Why Do We Have Turbinates?
Sinus anatomy is a mystery to many people. It isn’t hard to see why: because the principal structures are basically empty and filled with air, many find themselves wondering whether these spaces serve any function whatsoever.
In fact they do: our sinuses warm, moisten and clean the air we breathe, a process that’s vital to healthy respiration. When that process goes awry in any way, and the mucosa that perform these tasks become inflamed or blocked, the result can be terrible pain and dangerous infections.
Your turbinates are a crucial part of this system, helping to clean the air by offering plenty of surface area to the effort:
The air we breathe has all kinds of stuff in it – from oxygen and nitrogen to dust, pollution, allergens, smoke, bacteria, viruses, small bugs and countless other things. The nose helps clean that air. On the surface of the nasal tissues, particularly the turbinates, are cells with small hair-like appendages called cilia that trap much of the bad stuff. Once captured, the bad stuff sits in the mucous and gradually is pushed into the throat, where it’s swallowed. Our stomachs tolerate bad stuff much better than our lungs.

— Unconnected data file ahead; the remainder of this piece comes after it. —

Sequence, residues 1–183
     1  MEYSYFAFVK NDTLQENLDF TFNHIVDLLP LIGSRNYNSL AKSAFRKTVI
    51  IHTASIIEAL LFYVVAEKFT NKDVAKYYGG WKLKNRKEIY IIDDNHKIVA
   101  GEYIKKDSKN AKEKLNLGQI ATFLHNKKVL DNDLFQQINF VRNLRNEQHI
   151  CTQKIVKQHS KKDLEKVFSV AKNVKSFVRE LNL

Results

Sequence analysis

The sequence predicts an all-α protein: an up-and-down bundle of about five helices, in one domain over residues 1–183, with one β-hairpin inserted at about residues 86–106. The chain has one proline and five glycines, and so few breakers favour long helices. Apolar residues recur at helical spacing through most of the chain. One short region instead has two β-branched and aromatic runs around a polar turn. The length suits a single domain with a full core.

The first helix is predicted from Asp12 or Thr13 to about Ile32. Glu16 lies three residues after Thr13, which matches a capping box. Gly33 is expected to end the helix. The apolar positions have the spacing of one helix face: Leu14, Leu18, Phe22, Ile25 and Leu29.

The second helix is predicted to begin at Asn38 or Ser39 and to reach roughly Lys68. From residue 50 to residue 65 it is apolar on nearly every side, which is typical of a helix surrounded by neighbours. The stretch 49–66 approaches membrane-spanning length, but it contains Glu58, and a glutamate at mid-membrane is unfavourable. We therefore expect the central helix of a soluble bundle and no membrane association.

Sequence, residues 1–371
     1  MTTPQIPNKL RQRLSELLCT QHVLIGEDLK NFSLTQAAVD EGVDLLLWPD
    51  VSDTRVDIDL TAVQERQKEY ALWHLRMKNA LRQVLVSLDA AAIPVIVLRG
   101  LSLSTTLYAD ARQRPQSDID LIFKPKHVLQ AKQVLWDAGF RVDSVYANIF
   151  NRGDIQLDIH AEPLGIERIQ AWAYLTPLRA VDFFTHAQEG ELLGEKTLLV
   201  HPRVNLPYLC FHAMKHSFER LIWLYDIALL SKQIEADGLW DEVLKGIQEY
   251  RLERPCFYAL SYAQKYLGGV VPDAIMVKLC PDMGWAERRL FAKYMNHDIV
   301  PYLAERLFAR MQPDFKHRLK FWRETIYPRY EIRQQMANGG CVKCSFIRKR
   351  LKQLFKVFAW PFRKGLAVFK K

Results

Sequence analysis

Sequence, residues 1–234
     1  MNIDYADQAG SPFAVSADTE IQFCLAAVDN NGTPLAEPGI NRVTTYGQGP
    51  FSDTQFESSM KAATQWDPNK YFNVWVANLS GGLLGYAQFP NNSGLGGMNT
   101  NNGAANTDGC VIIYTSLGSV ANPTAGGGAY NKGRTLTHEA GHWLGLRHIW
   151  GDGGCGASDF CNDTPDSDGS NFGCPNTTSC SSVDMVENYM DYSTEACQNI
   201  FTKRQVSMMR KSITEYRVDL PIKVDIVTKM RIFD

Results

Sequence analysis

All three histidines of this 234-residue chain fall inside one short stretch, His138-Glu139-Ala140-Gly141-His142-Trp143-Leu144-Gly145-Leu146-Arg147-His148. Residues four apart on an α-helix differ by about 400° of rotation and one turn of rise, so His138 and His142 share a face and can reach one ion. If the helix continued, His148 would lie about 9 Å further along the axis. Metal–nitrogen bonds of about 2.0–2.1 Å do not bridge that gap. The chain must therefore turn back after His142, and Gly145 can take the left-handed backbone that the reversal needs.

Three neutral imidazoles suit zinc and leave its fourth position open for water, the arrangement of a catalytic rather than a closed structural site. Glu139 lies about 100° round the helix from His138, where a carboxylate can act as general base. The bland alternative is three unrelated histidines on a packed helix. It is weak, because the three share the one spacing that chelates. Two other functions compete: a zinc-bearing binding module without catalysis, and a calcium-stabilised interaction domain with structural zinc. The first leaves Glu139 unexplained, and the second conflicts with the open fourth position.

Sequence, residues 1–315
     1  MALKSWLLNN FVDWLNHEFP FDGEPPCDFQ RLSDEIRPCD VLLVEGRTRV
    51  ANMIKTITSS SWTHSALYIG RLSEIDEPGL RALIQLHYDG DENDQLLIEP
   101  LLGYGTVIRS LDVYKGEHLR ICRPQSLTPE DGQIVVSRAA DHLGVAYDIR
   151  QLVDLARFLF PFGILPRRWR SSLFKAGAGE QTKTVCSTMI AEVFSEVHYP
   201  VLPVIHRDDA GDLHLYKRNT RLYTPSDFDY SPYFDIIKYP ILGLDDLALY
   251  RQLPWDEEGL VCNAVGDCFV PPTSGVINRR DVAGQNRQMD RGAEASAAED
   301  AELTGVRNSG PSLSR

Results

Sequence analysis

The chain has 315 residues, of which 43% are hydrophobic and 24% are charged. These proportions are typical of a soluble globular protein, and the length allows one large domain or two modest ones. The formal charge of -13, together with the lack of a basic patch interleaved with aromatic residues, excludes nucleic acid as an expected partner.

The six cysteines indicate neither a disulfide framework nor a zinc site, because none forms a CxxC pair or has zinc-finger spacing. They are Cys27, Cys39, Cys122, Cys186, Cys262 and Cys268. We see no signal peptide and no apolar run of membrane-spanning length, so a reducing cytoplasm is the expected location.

When turbinates become enlarged or irritated, severe discomfort and breathing difficulty can occur. Turbinate reduction surgery helps resolve this issue by returning the turbinates to a more reasonable scale – one which doesn’t interfere with everyday breathing.
To learn more about turbinate reduction in Los Angeles, feel free to call or write today.